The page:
A quarter century ago, stents were on the periphery as planners for the first Transcatheter Cardiovascular Therapeutics (TCT) conference put together their inaugural program. Now third-generation stents share the stage with transcatheter aortic valve replacement (TAVR) devices.
“Twenty-five years ago it was never envisioned that TCT would evolve as it has,” TCT co-director Gregg W. Stone, MD, told Cardiovascular Business. “It was envisioned at that time as a relatively small boutique meeting to discuss the implementation of new device angioplasty, beyond balloon angioplasty. At the first TCT, stents were mentioned as an afterthought.”
Stents have come a long way since then. This year’s TCT scientific session included a late-breaking clinical trial on third-generation devices such as the Resolute Integrity zotarolimus-eluting stents (Medtronic) and the Promus Element everolimus-eluting stents (Boston Scientific). Results from DUTCH PEERS (TWENTE II), an all-comers trial that compared the two flexible-design stents, showed they performed comparably in patients who required PCI.
Lead investigator Clemens von Birgelen, MD, PhD, explained that, as clinicians, he and his colleagues wanted to evaluate their safety and efficacy in a head-to-head comparison. When asked at a press conference if it matters, he replied, “When you are standing there in the middle of the night fighting with a right coronary artery that is tortuous and calcified, it matters.”
Results from OPTIMIZE, a noninferiority clinical trial designed to compare two different durations of aspirin plus clopidogrel (Plavix, Bristol Myers-Squibb/Sanofi Aventis), also offered physicians findings that inform practice. The study found that some patients implanted with newer generation drug-eluting stents may safely discontinue dual antiplatelet therapy at three months, good news in cases where the patient may need surgery within a year of PCI.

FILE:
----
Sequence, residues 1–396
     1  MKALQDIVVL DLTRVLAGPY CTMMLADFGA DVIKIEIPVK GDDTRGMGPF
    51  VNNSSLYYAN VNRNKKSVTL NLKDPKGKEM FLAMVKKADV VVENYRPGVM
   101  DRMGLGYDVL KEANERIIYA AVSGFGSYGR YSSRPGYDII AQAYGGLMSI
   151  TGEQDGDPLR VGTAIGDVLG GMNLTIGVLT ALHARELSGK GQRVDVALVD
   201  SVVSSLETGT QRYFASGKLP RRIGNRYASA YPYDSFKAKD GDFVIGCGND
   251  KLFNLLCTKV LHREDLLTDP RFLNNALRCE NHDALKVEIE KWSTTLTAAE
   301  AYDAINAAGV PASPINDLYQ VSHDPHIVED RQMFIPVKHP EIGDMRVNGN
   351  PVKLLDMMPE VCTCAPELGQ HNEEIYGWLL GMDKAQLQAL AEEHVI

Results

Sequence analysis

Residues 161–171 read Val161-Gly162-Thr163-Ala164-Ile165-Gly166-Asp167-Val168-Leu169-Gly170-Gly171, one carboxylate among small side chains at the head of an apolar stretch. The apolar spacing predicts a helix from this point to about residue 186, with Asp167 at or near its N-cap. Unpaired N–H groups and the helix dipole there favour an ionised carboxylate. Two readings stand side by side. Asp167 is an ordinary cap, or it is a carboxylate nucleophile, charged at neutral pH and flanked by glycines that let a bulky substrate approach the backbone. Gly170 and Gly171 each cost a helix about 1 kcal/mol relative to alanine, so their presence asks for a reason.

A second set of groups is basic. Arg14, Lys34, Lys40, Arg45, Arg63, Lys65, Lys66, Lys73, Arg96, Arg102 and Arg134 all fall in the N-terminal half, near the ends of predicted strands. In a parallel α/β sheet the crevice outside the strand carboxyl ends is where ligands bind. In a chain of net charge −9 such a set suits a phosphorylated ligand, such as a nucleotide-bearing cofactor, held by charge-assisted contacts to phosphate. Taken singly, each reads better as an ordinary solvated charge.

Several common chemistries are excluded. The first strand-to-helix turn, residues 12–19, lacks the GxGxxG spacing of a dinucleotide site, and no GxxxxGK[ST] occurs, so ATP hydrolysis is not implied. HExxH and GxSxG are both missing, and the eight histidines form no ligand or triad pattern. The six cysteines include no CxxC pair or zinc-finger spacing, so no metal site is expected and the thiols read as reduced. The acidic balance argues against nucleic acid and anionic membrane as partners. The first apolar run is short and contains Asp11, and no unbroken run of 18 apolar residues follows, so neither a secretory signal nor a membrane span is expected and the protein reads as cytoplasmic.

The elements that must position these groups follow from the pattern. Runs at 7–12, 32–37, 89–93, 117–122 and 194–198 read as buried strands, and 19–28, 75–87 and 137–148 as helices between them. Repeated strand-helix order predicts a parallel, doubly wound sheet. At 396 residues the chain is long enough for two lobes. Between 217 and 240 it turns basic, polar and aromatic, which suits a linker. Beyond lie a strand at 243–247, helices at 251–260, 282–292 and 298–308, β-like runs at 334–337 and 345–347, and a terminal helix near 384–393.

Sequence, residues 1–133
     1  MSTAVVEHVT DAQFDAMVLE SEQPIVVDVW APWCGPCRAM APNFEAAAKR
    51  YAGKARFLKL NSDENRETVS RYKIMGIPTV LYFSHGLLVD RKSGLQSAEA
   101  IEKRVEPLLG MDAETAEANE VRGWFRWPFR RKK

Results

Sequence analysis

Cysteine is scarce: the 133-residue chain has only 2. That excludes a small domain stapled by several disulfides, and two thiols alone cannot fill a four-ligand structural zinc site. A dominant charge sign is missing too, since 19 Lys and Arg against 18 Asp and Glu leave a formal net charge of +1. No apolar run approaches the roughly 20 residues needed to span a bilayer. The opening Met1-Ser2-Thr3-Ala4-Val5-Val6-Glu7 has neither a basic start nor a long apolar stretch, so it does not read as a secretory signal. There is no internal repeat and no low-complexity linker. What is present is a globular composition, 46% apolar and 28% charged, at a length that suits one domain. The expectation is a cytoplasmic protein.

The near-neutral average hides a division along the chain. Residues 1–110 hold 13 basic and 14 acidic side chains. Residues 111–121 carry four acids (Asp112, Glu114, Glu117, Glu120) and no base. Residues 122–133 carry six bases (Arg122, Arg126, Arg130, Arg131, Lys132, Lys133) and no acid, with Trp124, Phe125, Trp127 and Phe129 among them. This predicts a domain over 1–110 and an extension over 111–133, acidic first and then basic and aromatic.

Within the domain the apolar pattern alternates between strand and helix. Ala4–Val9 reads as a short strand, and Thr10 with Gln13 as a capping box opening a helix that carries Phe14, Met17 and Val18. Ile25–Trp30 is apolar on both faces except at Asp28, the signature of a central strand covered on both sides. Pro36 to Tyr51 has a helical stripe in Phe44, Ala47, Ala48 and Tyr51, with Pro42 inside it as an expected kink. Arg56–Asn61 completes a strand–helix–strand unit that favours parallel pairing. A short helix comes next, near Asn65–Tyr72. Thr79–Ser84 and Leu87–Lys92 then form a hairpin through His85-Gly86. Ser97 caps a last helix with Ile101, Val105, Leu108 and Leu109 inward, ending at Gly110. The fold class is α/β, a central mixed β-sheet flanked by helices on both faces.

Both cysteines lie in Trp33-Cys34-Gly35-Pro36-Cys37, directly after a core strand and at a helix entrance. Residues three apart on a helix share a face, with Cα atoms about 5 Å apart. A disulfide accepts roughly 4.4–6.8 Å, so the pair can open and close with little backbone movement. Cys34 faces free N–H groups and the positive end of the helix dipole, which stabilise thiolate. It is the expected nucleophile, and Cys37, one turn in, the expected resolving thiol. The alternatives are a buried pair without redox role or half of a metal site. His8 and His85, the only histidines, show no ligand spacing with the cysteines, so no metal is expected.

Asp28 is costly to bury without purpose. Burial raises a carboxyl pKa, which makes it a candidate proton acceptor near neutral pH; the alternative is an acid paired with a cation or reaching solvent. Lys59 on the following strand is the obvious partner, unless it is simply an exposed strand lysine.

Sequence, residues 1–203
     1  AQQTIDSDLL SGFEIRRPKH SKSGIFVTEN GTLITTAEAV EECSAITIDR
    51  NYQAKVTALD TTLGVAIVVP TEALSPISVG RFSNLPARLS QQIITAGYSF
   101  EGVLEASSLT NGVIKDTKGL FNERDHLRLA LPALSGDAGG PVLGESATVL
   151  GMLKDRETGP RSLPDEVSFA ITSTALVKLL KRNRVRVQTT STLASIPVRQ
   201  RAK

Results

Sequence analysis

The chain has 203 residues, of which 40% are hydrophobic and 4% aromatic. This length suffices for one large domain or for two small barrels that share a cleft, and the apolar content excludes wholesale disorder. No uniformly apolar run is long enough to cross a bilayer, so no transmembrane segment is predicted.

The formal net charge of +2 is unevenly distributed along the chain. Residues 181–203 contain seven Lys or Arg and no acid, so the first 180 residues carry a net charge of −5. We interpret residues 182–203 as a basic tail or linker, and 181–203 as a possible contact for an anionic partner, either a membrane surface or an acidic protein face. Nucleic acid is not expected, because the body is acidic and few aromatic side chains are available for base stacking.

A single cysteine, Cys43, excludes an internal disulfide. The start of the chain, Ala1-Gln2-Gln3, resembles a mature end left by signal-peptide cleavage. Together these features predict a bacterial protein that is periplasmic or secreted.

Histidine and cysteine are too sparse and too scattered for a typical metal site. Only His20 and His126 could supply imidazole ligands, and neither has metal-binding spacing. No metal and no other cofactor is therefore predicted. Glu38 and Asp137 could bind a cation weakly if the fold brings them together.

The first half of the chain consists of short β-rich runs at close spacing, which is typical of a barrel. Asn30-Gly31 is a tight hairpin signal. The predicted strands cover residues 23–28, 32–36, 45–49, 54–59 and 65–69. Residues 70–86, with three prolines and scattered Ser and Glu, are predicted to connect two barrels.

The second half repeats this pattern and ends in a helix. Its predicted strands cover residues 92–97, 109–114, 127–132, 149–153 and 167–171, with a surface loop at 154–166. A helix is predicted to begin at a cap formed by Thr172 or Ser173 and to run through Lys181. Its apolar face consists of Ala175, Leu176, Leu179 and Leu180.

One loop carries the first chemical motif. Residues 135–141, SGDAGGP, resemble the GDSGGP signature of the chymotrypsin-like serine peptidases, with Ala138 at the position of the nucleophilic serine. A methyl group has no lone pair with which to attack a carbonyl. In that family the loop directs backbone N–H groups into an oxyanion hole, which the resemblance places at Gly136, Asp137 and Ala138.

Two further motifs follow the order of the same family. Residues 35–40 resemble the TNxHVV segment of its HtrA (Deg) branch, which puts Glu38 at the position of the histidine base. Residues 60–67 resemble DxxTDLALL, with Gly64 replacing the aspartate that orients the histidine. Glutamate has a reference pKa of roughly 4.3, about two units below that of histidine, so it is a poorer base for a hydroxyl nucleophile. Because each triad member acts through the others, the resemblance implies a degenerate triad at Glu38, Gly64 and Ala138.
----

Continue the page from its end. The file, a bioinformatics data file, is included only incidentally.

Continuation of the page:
“We are not saying stop at three months, but if you need to do that, you can do that safely,” lead investigator Fausto Feres, MD, of the Instituto Dante Pazzanese de Cardiologia in São Paulo, Brazil, told Cardiovascular Business.
Judging by the crowded conference rooms, TAVR wins for buzz and excitement. The CoreValve (Medtronic) device received a thumbs up for safety and efficacy in the pivotal CoreValve Extreme Risk Iliofemoral study. Results were presented as a late-breaking clinical trial, and attendees flocked the follow-up events. For instance, they stood four-deep outside the doorway to listen in on the packed presentations at a special session that drilled into components such as echocardiographic results and quality of life findings.
What were your favorite presentations and which will change your practice? Please let us know.
Cardiovascular Business, editor